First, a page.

Even before the pressure of Assyrian conquests, Phoenicians were to be found further west. Thanks to recent finds we can trace them on the south-west coast of Crete by c. 900 BC, another point of contact with resident Greeks.31 They are also said to have founded towns on the coast of north Africa, the modern Tunisia, beginning with an enigmatic ‘Auza’ between c. 880 and 850 BC. Tyre then founded another ‘new town’, the Qart Hadasht which we know as Carthage.32 Archaeologists have now traced evidence of occupation on the site of Carthage at least as far back as c. 800–760. True to its origin, its connections with Tyre remained close.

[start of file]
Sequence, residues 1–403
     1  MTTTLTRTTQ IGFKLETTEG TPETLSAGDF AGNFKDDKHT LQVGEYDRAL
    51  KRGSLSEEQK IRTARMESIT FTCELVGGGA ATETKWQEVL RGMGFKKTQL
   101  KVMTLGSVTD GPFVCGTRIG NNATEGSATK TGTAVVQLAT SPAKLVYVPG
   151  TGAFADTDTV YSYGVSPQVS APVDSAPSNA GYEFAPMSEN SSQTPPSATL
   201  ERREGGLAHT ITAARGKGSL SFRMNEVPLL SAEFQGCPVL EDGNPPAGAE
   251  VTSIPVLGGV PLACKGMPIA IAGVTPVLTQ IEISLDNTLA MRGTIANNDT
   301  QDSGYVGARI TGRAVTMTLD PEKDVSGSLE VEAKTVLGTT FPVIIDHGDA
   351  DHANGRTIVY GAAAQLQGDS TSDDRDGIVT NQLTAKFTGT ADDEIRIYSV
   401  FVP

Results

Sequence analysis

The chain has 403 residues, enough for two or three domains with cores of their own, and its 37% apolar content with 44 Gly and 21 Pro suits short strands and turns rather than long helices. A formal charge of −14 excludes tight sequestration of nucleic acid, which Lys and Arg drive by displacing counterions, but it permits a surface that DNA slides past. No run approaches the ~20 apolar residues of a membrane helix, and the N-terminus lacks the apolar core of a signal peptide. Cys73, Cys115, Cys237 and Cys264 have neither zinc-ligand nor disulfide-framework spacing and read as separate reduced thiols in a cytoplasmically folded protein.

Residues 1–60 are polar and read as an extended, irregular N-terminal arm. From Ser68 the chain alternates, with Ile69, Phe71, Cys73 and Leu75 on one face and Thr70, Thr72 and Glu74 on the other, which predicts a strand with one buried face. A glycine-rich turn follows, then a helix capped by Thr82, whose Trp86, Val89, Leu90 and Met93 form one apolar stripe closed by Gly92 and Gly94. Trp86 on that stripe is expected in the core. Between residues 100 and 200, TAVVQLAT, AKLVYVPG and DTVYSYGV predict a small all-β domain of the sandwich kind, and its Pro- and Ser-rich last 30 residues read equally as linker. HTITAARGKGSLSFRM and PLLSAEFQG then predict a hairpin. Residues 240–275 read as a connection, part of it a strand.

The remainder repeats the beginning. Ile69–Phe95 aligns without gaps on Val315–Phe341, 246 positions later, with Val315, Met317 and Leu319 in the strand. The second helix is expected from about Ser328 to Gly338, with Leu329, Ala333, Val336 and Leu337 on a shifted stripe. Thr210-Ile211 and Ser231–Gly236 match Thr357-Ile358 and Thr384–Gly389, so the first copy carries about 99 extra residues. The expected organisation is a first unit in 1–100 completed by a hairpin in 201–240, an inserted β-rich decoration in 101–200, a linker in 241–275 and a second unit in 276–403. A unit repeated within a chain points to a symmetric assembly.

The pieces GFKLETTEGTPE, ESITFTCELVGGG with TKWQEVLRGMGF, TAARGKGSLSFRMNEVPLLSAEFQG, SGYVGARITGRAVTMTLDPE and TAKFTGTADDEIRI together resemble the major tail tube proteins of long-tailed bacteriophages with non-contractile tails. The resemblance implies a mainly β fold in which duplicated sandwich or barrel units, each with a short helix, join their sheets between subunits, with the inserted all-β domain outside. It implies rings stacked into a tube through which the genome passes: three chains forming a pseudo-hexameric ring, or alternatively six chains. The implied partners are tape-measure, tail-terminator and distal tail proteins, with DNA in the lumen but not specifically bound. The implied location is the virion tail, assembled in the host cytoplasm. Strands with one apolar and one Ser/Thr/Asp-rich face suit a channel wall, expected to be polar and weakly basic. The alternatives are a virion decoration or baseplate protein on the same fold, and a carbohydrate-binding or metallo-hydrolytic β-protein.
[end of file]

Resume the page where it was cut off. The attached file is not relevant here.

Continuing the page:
Perhaps it was their prior contact with Cypriot Greeks which encouraged Phoenicians to travel on into this westerly zone. They stopped on the coast of Crete, but although it was only a staging-point for further voyages, we should think of a real inter-relationship in which travellers from the two different cultures, Greek and Phoenician, influenced one another. We know that by the later ninth century Phoenicians were to be found on Sardinia, where Cypriots had long preceded them, and by the early eighth century archaeological finds connect them with mining activities on the north-west of the island.33 In due course Phoenician objects also reached the ‘Italian’ mainland, both Campania behind the Bay of Naples and places in our modern western Tuscany. Once again metals attracted their attention here, bringing them into contact with another ‘city-state culture’, the Etruscan communities which were such an expanding force in Italy in the eighth century BC. Should we also think of a Phoenician or two travelling up the Tiber to eighth-century Rome? Their presence has been detected there in aspects of the cult at Rome’s ‘Greatest Altar’, which was positioned at one of the river’s main crossing-points. The connection is still controversial, but the possibility opens up another eighth-century horizon.34 It was in 753 BC, according to later chronology, that Rome was said to have been founded by the wolf-twins Romulus and Remus. The twins are fine figures of legend and the date of Rome’s ‘foundation’ is not historically accurate. It is the invention of later Greek chronographers who were placing the origins of Rome only in relation to Greek foundations elsewhere in the west.35 In the eighth century BC Rome existed, but was much less momentous in reality than she was to be in subsequent legend. Any Phoenicians who came here were not witnessing the birth of the future ‘eternal city’.